Aftermath of the 1854 Cholera Outbreak

By the end of September the outbreak was over leaving 616 residents of Soho dead. However, there were several unexplained deaths from cholera that could not be linked to the Broad Street pump water -- notably, Susannah Eley, a widow living in Hampstead on London’s West End, who had died of cholera on September 2nd, and her niece who had succumbed the following day (8). Neither of these women had been near Soho. Dr Snow traveled to Hampstead to interview the Eley's son. Snow learned that the widow had once lived on Broad Street, and that she had liked the taste of the well-water there so much that she had sent her servant down to Soho every day to bring back a large bottle for her by cart. The last bottle of had been brought to Hampstead on August 31st, at the very start of the epidemic.

Snow’s persistence in obtaining as much data as was possible is a remarkable trait demonstrated by the following incidents (8). Only 5 of the 530 inmates of the Poland Street workhouse, which was just around the corner from the pump, contracted cholera. Snow discovered that few drank the pump water, since the workhouse had its own well. Similarly, among the 70 workers in a brewery on Broad Street there were no fatalities at all. It was discovered that the workers were given a beer allowance and never drank from the well.

Snow’s “Grand Experiment,” compared cholera in the 1854 epidemic in neighborhoods receiving water from two different companies (8). The Lambeth Company delivered water from the upper Thames away from the Broad Street pump and urban pollution. On the other hand, the Southwark and Vauxhall Company relied on inlets in the heart of London, where the contamination of water with sewage was common. Snow showed the harmful effect of contaminated water in two nearly equivalent populations, and he suggested intervention strategies to control the epidemic. His ideas and observations, including innovative disease maps, were published in his book On the Mode of Communication of Cholera (8). Later, beginning in the 1930s, Snow’s work was republished as a classic work in epidemiology, resulting in his lasting recognition (4).

Snow wrote, "The experiment, too, was on the grandest scale. No fewer than three hundred thousand people of both sexes, of every age and occupation, and of every rank and station, from gentlefolks down to the very poor, were divided into two groups without their choice, and, in most cases, without their knowledge; one group being supplied with water containing the sewage of London, and, amongst it, whatever might have come from the cholera patients, the other group having water quite free from such impurity” (8).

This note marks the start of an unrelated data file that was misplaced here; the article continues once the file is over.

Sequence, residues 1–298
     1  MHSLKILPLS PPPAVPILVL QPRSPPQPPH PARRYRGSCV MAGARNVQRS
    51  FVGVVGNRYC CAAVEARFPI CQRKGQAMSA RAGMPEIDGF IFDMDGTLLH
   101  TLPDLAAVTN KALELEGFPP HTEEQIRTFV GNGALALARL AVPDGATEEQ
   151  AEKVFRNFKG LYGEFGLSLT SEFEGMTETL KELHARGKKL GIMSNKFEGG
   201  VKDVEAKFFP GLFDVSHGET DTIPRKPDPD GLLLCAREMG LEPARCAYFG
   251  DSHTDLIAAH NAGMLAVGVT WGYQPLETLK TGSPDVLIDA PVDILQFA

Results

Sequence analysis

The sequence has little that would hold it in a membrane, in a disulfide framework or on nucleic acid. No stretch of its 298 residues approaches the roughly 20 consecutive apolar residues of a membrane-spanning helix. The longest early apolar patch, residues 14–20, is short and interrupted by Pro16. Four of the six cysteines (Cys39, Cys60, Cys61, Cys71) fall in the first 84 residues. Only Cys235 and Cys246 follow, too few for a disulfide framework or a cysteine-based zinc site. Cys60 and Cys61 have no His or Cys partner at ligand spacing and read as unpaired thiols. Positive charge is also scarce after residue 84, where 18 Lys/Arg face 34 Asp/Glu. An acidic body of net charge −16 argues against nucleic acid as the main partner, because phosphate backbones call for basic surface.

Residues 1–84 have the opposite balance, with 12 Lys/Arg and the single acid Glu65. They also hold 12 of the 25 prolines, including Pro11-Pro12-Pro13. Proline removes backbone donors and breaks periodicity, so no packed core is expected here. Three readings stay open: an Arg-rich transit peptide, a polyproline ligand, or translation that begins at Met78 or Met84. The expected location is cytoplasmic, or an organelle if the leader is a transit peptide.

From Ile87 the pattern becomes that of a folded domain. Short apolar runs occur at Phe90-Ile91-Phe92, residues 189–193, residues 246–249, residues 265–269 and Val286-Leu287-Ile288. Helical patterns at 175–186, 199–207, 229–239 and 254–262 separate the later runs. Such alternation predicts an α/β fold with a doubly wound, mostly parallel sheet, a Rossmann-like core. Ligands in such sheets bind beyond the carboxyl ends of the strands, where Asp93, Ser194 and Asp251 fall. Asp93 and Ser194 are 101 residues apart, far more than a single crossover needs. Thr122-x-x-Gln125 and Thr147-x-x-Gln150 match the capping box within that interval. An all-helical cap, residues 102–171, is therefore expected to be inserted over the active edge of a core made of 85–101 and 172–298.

Using a classic 2X2 set up, Snow obtained data on the two sets of London households and found that during an 1854 epidemic there were 315 deaths from cholera per 10,000 homes among those supplied by Southwark-Vauxhall but only 37 deaths per 10,000 supplied by Lambeth (2). Snow had gotten his numbers from a less than precise Parliamentary report leading to criticism and Snow’s own admission that the results were not strong enough to establish that cholera was related to water supply.

Still no one believed Snow. A report by the Board of Health a few months later concluded, "We see no reason to adopt this [Snow’s] belief” (2).  The pump handle was replaced. However, about a year after the epidemic Snow’s theories received support from an unexpected source. The Reverend Henry Whitehead, vicar of St Luke's Church, Berwick Street, did his own investigation (2). Although originally a believer in the miasma theory, Snow’s data convinced him that the pump was the source. Furthermore, Whitehead helped Snow to determine the probable cause of the cholera outbreak. Just before the Soho epidemic, a child living at number 40 Broad Street had been taken ill with cholera symptoms. Its diapers had been steeped in water which was subsequently disposed of in a leaking cesspool situated only three feet from the Broad Street well.

Whitehead's findings were published in the architectural journal, The Builder, along with a report on living conditions in Soho (2). "Even in Broad-street it would appear that little has since been done... In St Anne's-Place, and St Anne's-Court, the open cesspools are still to be seen; in the court, so far as we could learn, no change has been made; so that here, in spite of the late numerous deaths, we have all the materials for a fresh epidemic... In some [houses] the water-butts were in deep cellars, close to the undrained cesspool... The overcrowding appears to increase..."  The Builder went on to recommend "the immediate abandonment and clearing away of all cesspools -- not the disguise of them, but their complete removal”.